Dewi Wynne Hughes Thomas was an interesting and unique character. At one time in Hirwaun and Aberdare it was sufficient to use one name, Dewi, for everyone to know who you were talking about.
He was born in Cwmbach on 2 March 1925 to parents who both had their roots in West Wales; his father was from Cardiganshire and his mother’s family came from Pembrokeshire. Indeed, Dewi was a Welsh patriot in both his bearing and his language. He was brought up a Baptist, attending Bethany Chapel in Cwmbach, before becoming a member at Ramoth when he moved to Hirwaun. Eventually, he joined the Catholic Church.
After attending the elementary school in Cwmbach, he went to Aberdare Boys County School1 in September 1936 and stayed until February 1941 when he left, initially to a clerical post at Powell Duffryn. However, it being wartime, he decided to join the forces and went into the Royal Air Force, where he trained as a navigator.
Dewi had many happy memories of his time at school, and was a member at some point of the Past Students Association. Significantly, the school was responsible for an important event in his life, for at a joint reunion dance of the Boys and Girls Grammar Schools he met his future wife Josie2. In 1949, Dewi and Josie were married, and together they raised their only child, a daughter Madeleine, who was brought up to be a ‘proper’ Welsh woman.
After the war, he re-trained as a surveyor with the NCB at the School of Mines in Treforest. Following a period with the NCB, Dewi moved to work as a surveyor for the large UK construction company, John Laing, on several major projects in England during the 1950s, including Sizewell B nuclear power station, the Bull Ring in Birmingham, and the M1 motorway. Indeed, Dewi’s daughter recalls that the family took a drive along the M1 on the evening before the Queen officiated at the official opening ceremony in November 1959.
Dewi and his family moved back to Wales in late 1959 and settled in Brecon. There, and until his retirement, he worked as a surveyor in local government, including for the councils of Brecon, Glamorgan, Swansea and Aberdare (or Cynon Valley Borough Council as it came to be in 1974).
However, there was a political side to Dewi. He joined Plaid Cymru in the days when it was less common to do so, in fact before the by-election which returned Gwynfor Evans in Carmarthen in 1966 as the first ever Plaid Cymru Member of Parliament. Dewi can be considered as one of a cadre of pioneers - certainly in the South Wales valleys - that challenged the political grip of the Labour Party. He had a passion for the language and the interests of the people of Wales.
On moving to Tudor Avenue, Hirwaun, in 1963, he became the Plaid’s councillor on the Vaynor and Penderyn Rural District Council (a highly unusual position at the time); and in 1964, he stood as a parliamentary candidate for the Aberdare constituency in the general election, when he lost to Arthur Probert3 (Labour) — but he managed to retain his deposit! 4
During this later period he continued to work as a surveyor and Dewi was active in helping to plan the then new A465 (‘Heads of the Valleys Road’) opened in 1964. But he continued to devote himself to the community he lived in, acting as a warden at Rhigos Youth Club, as Clerk to Penderyn Parish Council and as a loyal member of the Aberdare Cymrodorion.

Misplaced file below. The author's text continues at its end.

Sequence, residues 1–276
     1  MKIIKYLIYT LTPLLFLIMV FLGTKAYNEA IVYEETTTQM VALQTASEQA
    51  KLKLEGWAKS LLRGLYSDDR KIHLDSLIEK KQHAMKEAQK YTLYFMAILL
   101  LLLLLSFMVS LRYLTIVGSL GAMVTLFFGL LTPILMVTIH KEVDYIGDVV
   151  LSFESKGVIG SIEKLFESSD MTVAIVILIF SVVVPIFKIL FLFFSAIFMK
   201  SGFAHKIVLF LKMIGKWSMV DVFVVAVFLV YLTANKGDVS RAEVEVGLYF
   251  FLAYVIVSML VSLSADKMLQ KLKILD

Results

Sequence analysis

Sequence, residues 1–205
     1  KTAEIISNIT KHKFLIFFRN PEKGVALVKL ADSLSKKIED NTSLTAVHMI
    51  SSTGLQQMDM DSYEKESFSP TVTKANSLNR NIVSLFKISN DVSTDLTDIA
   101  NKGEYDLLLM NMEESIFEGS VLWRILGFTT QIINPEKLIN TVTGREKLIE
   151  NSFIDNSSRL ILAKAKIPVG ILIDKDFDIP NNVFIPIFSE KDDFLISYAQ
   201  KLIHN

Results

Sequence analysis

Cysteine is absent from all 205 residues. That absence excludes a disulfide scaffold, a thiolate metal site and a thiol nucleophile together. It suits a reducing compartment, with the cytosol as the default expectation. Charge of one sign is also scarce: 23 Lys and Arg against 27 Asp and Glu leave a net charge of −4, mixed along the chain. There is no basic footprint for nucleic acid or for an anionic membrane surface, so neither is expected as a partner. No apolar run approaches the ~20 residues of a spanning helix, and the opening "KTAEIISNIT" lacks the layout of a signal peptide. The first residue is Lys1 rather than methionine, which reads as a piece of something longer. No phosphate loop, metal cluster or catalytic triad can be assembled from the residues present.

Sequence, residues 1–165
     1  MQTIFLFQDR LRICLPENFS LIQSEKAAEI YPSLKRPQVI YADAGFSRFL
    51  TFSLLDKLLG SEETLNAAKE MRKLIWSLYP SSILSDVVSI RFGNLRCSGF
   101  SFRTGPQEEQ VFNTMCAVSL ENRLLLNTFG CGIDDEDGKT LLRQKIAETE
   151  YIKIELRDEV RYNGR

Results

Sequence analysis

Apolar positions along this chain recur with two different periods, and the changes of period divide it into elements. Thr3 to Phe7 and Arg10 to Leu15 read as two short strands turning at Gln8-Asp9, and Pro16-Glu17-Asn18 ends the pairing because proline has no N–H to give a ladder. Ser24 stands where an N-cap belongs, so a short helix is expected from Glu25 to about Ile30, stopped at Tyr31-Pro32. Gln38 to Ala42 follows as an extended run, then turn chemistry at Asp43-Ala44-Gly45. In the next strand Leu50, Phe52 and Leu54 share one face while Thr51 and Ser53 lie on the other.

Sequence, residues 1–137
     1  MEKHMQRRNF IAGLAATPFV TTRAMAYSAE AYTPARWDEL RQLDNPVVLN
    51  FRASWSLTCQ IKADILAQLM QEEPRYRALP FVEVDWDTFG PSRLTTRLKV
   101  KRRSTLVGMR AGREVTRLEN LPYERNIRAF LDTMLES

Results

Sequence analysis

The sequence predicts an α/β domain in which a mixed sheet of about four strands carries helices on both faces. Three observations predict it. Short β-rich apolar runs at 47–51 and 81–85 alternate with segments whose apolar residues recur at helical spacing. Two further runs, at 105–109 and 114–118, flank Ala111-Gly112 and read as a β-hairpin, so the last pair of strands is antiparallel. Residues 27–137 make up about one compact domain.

In 1978, his daughter Madeleine, (by then a lawyer), married Neil Bidder and in due course, they had two sons, Rhys and Patrick. Consequently, Dewi and Josie became proud grandparents. Shortly afterwards, Dewi, in his sixties, decided to turn to the Catholic Church joining the rest of his family in Catholicism.
After retiring around 1990, Dewi and Josie decided to move to Cardiff to be closer to their daughter and her family, and where Dewi took every opportunity to help raise his grandsons, playing tennis and rugby with them. In due course, during the last ten years of her life, his wife Josie suffered ill health. Following her death, Dewi had a few years of travelling the world - to Switzerland, Spain and the USA - before he started to lose his eyesight. Then, with additional health problems, he had to move to Duffryn Ffrwd Manor Nursing Home, Nantgarw – where, we are told, he gave “intensive Welsh lessons for staff in return for the care they gave him.”
Dewi died peacefully, aged 90, at Dyffryn Ffrwd on 28 December 2015. A Requiem Mass was held at the Roman Catholic Church of St Thérèse of Lisieux, Hirwaun, on Monday 11 January 2016 followed by interment at Aberdare Cemetery.
In probably one of the most Welsh services to take place at that church, his grandson, Patrick, read in Welsh and a tribute to his grandfather was given by Rhys. One grandson Patrick is a teacher in London and the other, Rhys, is an economist with the Federal Reserve Bank of San Francisco. Calon Lân was sung at the beginning of the service, and at the end, Dros Gymru’n Gwlad : two hymns which characterized and summed up the honourable life and valuable contribution of Dewi Wynne Thomas.
Acknowledgements: This appreciation of
the life of Dewi Thomas is based, with permission, on a loose translation of David Leslie
Davies’s article about Dewi in Clochdar No. 257, February, 2016. In turn,
David’s account is informed by information kindly supplied by Dewi’s daughter
Madeleine Bidder, who has also kindly helped with this English language version.
Clochdar is the local Welsh language newspaper, Papur Bro, for Aberdare and district.
CR. 30 July 2016